(urth) BotNS in German

Hmpf MacSlow hmpf1998 at gmx.net
Sun Dec 5 15:01:06 PST 2004

>I'm just curious if that word, and others that Wolfe is using, could be 
>said to be slightly more 'common' in English than they are in German, or 
>if they're just as obscure.

I just thought of one thing that seems to indicate that 
'Barbakane/barbican' may be more obscure in German than in English: the 
fact that my English-German dictionary (PONS Globalwörterbuch in two 
volumes) does not know the word 'Barbakane' - I tried to look it up in the 
German-to-English volume - but *does* know 'barbican'.

This, of course, would confront the translator with an interesting 
conundrum: choose the exact translation, 'Barbakane', and risk that (if 
cases like that are frequent) the resulting German text will be hugely more 
obscure to German readers than to English readers; or choose an approximate 
translation that will lose the special flavour but possibly convey the 
meaning better to German readers? I've always held that, even or perhaps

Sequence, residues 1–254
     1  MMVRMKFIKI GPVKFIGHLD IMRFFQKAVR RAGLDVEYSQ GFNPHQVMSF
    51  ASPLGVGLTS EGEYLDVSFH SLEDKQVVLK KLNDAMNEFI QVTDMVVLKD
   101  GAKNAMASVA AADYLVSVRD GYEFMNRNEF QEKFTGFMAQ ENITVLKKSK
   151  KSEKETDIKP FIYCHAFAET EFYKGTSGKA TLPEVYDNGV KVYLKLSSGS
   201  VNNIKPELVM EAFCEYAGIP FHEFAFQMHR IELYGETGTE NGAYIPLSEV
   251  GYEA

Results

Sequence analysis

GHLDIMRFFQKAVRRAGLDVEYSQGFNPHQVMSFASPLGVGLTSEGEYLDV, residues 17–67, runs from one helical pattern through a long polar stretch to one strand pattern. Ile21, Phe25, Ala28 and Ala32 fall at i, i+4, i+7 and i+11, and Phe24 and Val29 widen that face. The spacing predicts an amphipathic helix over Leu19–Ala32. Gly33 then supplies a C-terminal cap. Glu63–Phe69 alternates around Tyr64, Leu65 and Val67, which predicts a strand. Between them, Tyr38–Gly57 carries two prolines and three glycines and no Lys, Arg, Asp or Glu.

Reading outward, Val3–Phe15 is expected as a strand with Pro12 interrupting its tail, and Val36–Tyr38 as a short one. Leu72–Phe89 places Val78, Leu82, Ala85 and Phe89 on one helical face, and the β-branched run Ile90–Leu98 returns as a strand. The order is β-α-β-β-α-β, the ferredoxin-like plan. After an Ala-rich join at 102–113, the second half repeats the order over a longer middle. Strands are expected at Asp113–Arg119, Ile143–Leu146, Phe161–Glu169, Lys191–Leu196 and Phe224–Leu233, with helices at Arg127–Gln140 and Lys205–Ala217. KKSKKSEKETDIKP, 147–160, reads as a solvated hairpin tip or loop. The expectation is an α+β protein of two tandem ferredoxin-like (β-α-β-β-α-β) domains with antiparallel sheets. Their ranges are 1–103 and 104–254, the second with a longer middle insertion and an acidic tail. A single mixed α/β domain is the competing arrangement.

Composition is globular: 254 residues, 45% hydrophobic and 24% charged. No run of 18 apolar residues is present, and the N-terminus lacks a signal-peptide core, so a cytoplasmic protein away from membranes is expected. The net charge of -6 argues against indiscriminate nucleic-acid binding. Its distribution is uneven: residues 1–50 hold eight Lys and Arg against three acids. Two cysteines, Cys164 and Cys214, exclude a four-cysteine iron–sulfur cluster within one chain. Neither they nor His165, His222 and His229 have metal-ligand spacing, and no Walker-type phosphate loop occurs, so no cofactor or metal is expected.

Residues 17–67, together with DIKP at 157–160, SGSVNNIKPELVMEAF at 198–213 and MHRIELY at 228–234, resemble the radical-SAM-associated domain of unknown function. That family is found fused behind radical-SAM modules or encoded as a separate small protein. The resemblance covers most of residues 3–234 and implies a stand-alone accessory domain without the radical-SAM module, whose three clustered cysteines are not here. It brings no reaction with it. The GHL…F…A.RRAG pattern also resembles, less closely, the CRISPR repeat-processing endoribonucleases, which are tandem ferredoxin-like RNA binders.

especially in the light of my not understanding quite a few words in 
TBotNS, these words still were essential to the book's effect. Like Elvish 
and other strange languages in Tolkien's works, the obscure and archaic 
words in Wolfe's help to create *atmosphere*, they help to make Urth feel 
strange, different from our present world, but real, as well. Since they 
are real words that even if we do not understand them anymore carry a kind 
of diffuse memory of past times, they also give us an impression of the 
depth of time. I wouldn't want to lose that in a translation, but on the 
other hand, I wouldn't want a German version of the text be that much more 
inaccessible than the original...

Well... fortunately for me, I'm only doing this translation for myself and 
not for other readers. This way, my decision doesn't really carry that much 
weight. *g*


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